A couple once sought a blessing from Rabbi David-Moshe of Chortkov: unfortunately they had lost several infants shortly after birth, and now that she was pregnant again, wanted to secure a blessing for the longevity of the next child. The Rebbe told them that when the next child was born it should be given the name of a person from that week's Torah Reading and it would survive.

They were blessed with a girl in the week in which parashat Naso is read, a portion notable replete with names of men, but none of women! The father approached the local rabbi for advice, and was told to name his daughter after the mother of Shimshon (Samson), featured in the Haftora, whose name is known through rabbinic tradition to have been Tzlelponis (Baba Basra 91a. See also: I Chronicles 4:3)

Some time later they traveled to the Chortkover to inform him of the good news. When they told him the baby's name, he told them that Maharshal** says that the name Tzlelponis is auspicious for counteracting evil spiritual forces. While the Rebbe had not chosen the child's actual name, through following his advice the couple had selected one that was most appropriate to protect her.

Approximately a century later, in the 1990’s, the Pshevorsker Rebbe, R' Yaakov Leizer of Antwerp, was about to deliver a Torah thought at his tish [extended table] on the Friday night of parashat Naso, when he suddenly found himself speechless; he had forgotten what he had prepared to say! He did not wish to leave the meal without telling his audience something, and so cast about for an appropriate story. All at once the above story came to mind, which he repeated to the chasidim present.

Later that night one of his chasidim came to him in a frantic state, asking urgently for the Rebbe's bracha. His daughter, due to be married shortly, had fallen and been seriously injured; she was in a coma.

R' Yankel wondered why that night had been the first time he had ever forgotten his prepared remarks; perhaps it was Divinely ordained that he recall that story so that he should remember that the name Tzlelponis is a good omen for abolishing evil.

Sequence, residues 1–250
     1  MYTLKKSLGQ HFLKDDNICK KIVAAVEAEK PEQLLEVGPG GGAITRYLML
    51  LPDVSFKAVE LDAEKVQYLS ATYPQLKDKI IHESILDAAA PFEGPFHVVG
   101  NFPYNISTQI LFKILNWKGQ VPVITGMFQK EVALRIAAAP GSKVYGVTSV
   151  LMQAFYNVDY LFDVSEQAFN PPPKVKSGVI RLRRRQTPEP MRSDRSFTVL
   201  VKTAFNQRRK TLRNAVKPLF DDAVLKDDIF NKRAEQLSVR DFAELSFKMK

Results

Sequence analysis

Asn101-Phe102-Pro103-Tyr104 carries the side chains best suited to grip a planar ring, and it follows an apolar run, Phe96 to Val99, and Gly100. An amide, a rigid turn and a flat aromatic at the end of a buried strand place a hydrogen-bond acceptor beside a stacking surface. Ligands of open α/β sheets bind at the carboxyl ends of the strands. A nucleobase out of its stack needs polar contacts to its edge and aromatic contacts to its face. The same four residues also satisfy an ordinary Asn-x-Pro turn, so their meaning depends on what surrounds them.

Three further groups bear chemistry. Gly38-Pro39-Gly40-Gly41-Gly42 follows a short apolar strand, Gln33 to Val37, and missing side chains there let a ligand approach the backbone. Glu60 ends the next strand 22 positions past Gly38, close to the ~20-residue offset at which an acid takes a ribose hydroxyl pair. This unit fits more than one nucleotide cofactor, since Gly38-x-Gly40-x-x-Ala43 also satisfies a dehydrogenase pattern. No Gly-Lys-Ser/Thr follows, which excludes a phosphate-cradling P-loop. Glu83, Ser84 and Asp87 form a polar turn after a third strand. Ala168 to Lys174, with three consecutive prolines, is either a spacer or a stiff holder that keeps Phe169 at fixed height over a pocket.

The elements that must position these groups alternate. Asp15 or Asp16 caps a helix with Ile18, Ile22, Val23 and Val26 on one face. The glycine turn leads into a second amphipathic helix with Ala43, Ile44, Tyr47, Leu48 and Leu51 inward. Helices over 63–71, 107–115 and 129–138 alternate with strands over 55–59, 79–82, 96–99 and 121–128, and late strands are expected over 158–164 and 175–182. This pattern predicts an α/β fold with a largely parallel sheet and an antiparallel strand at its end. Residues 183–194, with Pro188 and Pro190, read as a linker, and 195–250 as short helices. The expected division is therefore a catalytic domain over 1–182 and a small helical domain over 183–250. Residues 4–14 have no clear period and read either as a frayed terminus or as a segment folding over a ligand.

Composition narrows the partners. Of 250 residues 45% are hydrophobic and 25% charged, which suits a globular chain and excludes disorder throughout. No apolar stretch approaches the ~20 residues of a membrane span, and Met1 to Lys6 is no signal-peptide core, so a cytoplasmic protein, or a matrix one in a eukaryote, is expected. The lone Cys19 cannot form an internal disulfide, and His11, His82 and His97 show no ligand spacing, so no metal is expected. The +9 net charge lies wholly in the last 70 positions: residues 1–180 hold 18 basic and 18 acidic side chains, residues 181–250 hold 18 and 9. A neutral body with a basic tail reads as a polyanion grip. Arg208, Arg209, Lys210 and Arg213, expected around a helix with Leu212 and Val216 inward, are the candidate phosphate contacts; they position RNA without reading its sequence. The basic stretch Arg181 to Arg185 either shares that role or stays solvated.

Turning to the distraught father, he instructed him to add the name Tzlelponis to his daughter's name. The man did so on the following morning, and his daughter immediately recovered.

Editor's note:

** Rabbi Shlomo Luria, author of Chochmas Shlomo, Magenei Shlomo, and other important works (and also an uncle of the holy Ari of Tsfat).

Adapted from "Gut Voch " (Mesorah) by Avrohom Barash

Biographical note:
Rabbi David-Moshe Friedman (20 Cheshvan 1828-21 Tishrei1903), the first Chortkover Rebbe, was the fifth of the holy six sons of the famed Rabbi Yisrael of Rhyzhin (1797-1850). After the death of his father, he attracted a large following. He is the author of Divrei Dovid.

Reb Yaakov Leizer (6 Tevet 1907 - 27 Cheshvan 1998) became the second Pshevorsker Rebbe in 1976. Like his father-in-law and founder of the dynasty, Rabbi Moshe Yitzchak Gevirzman, great-grandson of the Rebbe Elimelech, "Reb Yankele" did not seek to open a network of institutions. Even so, specially chartered planes would bring hundreds of chasidim to Antwerp for every Yom Tov and occasion. Among the visitors were often those who had come seeking salvation of one type or another. Hundreds of stories abound about his Divine inspiration and the miracles that he performed. His only son, Rabbi Leibish Leizer, is the current Pshevorsker Rebbe.

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